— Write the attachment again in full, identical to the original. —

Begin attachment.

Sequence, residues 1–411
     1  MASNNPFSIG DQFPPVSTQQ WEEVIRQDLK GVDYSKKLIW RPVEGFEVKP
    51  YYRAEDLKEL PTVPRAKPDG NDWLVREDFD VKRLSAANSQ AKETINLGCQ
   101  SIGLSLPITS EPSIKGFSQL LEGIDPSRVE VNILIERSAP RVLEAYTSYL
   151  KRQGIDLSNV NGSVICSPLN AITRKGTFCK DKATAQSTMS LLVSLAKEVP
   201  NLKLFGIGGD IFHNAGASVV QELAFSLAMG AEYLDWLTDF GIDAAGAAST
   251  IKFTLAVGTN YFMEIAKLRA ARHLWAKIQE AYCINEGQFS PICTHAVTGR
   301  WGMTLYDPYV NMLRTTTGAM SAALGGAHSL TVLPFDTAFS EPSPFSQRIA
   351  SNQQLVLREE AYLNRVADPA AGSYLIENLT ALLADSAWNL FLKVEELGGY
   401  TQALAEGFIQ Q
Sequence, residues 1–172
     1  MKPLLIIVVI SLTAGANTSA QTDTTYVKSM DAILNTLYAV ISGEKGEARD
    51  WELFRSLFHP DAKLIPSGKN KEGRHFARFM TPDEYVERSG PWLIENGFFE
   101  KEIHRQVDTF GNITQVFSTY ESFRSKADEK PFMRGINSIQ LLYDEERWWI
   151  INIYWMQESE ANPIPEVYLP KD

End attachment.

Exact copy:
Sequence, residues 1–411
     1  MASNNPFSIG DQFPPVSTQQ WEEVIRQDLK GVDYSKKLIW RPVEGFEVKP
    51  YYRAEDLKEL PTVPRAKPDG NDWLVREDFD VKRLSAANSQ AKETINLGCQ
   101  SIGLSLPITS EPSIKGFSQL LEGIDPSRVE VNILIERSAP RVLEAYTSYL
   151  KRQGIDLSNV NGSVICSPLN AITRKGTFCK DKATAQSTMS LLVSLAKEVP
   201  NLKLFGIGGD IFHNAGASVV QELAFSLAMG AEYLDWLTDF GIDAAGAAST
   251  IKFTLAVGTN YFMEIAKLRA ARHLWAKIQE AYCINEGQFS PICTHAVTGR
   301  WGMTLYDPYV NMLRTTTGAM SAALGGAHSL TVLPFDTAFS EPSPFSQRIA
   351  SNQQLVLREE AYLNRVADPA AGSYLIENLT ALLADSAWNL FLKVEELGGY
   401  TQALAEGFIQ Q
Sequence, residues 1–172
     1  MKPLLIIVVI SLTAGANTSA QTDTTYVKSM DAILNTLYAV ISGEKGEARD
    51  WELFRSLFHP DAKLIPSGKN KEGRHFARFM TPDEYVERSG PWLIENGFFE
   101  KEIHRQVDTF GNITQVFSTY ESFRSKADEK PFMRGINSIQ LLYDEERWWI
   151  INIYWMQESE ANPIPEVYLP KD